Objects that use the Event object from the threading core library can't be pickled because the Event's underlying implementation is an unpicklable Lock object. Conceptually, though, an Event is just a boolean, so providing reasonable serialization behavior is pretty straightforward.
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import threading import copy class SerializableEvent(object): "A threading.Event that can be serialized." def __init__(self): self.evt = threading.Event() def set(self): return self.evt.set() def clear(self): return self.evt.clear() def isSet(self): return self.evt.isSet() def wait(self, timeout=0): return self.evt.wait(timeout) def __getstate__(self): d = copy.copy(self.__dict__) if self.evt.isSet(): d['evt'] = True else: d['evt'] = False return d def __setstate__(self, d): self.evt = threading.Event() if d['evt']: self.evt.set()
This recipe takes advantage of the fact that Event's state is nothing more than a boolean value. By overriding __getstate__ and __setstate__, we can serialize it as such, and reset its state appropriately on deserialization.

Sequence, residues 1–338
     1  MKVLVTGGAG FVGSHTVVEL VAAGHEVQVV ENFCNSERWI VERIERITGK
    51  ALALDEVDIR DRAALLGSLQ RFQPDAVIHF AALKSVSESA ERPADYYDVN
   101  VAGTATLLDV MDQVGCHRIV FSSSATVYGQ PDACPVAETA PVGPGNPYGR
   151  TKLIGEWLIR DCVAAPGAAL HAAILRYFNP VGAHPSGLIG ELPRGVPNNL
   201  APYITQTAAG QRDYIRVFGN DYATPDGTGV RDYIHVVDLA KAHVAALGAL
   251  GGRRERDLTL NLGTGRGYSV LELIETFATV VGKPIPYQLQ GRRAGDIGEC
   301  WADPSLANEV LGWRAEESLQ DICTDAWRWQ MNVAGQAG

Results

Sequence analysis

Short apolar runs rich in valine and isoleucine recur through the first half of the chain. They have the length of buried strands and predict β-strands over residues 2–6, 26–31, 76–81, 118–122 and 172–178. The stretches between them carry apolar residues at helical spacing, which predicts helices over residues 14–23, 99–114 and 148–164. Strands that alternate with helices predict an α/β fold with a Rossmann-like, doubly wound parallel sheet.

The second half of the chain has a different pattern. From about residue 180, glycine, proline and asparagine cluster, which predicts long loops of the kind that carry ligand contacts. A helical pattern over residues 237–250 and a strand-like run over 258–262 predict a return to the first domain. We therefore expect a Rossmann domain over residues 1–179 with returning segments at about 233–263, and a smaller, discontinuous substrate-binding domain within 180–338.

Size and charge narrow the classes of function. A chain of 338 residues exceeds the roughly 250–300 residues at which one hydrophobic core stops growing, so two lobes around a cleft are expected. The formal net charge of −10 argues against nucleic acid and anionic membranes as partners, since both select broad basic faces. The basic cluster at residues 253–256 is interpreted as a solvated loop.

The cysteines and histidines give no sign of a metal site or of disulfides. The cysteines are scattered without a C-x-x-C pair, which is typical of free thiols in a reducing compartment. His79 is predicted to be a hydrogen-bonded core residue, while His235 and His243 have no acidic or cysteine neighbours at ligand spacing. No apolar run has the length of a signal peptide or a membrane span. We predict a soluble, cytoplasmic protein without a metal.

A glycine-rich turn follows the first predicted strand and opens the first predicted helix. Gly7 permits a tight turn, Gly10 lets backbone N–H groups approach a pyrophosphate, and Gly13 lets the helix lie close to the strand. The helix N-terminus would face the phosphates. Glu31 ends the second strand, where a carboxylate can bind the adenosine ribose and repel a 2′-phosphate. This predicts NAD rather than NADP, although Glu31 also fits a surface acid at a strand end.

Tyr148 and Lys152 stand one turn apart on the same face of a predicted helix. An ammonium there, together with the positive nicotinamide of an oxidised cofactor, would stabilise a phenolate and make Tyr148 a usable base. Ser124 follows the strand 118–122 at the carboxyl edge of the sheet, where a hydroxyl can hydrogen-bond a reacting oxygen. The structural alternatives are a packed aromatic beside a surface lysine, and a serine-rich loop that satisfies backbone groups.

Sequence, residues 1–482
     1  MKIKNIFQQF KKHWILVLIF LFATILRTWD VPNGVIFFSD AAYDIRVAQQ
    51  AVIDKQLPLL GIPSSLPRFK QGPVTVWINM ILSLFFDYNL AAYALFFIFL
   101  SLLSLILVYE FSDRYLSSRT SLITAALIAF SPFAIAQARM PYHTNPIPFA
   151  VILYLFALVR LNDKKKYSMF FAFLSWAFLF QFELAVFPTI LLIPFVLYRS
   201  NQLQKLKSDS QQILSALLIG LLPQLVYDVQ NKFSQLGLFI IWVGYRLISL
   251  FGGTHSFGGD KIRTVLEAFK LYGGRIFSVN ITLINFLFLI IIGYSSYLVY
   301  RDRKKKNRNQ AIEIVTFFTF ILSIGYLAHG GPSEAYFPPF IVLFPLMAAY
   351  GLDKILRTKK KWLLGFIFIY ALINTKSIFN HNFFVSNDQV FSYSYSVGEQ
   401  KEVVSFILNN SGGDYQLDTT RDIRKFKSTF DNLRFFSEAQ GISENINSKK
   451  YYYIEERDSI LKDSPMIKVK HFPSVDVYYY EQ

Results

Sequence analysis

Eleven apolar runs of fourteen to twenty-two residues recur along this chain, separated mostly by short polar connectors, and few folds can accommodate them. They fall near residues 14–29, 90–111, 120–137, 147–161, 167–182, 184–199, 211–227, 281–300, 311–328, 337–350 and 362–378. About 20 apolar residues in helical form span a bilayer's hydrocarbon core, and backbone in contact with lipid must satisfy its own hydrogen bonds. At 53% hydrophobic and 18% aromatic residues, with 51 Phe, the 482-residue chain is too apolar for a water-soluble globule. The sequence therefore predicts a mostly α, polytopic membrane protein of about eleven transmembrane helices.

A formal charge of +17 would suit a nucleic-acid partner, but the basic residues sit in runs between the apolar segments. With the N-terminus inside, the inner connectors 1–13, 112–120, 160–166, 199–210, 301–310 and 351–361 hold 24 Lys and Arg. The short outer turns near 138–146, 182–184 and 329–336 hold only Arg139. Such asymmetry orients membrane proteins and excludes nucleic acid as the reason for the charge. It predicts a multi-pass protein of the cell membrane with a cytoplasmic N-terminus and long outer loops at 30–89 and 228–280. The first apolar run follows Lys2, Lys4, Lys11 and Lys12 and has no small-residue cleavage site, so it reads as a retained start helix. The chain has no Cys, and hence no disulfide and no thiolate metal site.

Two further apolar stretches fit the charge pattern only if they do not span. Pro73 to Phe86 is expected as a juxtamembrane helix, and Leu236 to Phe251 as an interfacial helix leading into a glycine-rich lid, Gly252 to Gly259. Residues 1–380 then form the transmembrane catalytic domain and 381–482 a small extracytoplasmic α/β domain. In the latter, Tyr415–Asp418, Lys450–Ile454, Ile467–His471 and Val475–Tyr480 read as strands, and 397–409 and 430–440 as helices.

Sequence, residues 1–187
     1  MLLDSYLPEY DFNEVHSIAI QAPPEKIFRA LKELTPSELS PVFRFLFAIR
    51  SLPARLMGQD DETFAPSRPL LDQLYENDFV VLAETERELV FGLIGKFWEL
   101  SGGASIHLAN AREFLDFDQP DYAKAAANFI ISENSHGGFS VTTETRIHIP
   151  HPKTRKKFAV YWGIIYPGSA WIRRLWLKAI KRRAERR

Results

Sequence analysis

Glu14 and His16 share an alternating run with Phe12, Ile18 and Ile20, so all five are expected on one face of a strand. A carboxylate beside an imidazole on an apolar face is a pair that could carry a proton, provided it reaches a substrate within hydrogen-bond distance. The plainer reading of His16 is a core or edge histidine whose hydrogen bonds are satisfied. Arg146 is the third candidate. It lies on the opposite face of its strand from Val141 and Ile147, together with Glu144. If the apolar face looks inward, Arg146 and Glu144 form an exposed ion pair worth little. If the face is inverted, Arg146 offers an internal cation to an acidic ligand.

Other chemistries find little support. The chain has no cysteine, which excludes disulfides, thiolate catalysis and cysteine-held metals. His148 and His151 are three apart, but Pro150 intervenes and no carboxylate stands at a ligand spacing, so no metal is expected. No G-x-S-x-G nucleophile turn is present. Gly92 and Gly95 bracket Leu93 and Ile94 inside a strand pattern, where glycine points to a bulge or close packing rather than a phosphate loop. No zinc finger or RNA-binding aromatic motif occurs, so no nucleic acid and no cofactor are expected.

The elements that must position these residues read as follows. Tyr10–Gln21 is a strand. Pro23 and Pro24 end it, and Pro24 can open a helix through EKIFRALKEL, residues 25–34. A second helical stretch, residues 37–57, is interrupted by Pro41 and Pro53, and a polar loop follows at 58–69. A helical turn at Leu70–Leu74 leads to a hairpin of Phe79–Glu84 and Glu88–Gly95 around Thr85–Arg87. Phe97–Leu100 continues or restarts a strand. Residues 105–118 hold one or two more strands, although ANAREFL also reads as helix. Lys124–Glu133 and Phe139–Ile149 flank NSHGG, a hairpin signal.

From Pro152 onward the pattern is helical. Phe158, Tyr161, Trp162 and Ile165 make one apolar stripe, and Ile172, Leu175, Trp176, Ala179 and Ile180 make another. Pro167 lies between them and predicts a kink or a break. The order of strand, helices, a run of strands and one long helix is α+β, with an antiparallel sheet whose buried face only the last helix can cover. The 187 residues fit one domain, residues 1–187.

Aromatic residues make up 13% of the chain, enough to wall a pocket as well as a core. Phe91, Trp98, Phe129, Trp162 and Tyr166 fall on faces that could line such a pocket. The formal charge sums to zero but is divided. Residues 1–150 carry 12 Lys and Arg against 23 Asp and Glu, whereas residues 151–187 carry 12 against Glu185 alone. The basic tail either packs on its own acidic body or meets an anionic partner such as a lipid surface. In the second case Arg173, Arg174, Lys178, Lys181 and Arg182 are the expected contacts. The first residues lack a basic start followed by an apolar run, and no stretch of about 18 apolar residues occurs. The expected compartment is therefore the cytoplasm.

A reasonable first attempt at this would subclass the Event object and override its __getstate__ and __setstate__. However, the implementation of threading gets in the way; Event, it turns out, is a factory function for a private class (_Event, in Python 2.4). We could inherit from this private class but (besides being bad manners) this might break if the implementation of threading changes in the future. By implementing as a proxy, we honor the public interface, and buy some insurance against future modifications to threading.
One could use __getattr__ or __getattribute__ to implement a more robust proxy. However, a naive proxy like this one is more readable, and the risk of the interface changing is low. If the proxy needs to be truly transparent, extend this recipe with "double underscore" methods as appropriate, or re-implement with __getattr__ or __getattribute__.
This is simpler with the copy_reg module. copy_reg lets you specifier pickling behavior for arbitrary types. The following will allow you to pickle any threading.Event, not just instances of a subclass.
A good solution to a (slightly) different problem. This is both more, and less, flexible than the solution I submitted. As you point out, it lets you serialize the Event type more generally, but at the expense of depending on the _Event class, which is (I assume, by the leading underscore) private to the implementation and could change without warning in future versions.
I doubt the _Event object _would_ go away, mind you, but I would say the right solution depends on whether you more greatly require forward compatibility or a more general solution.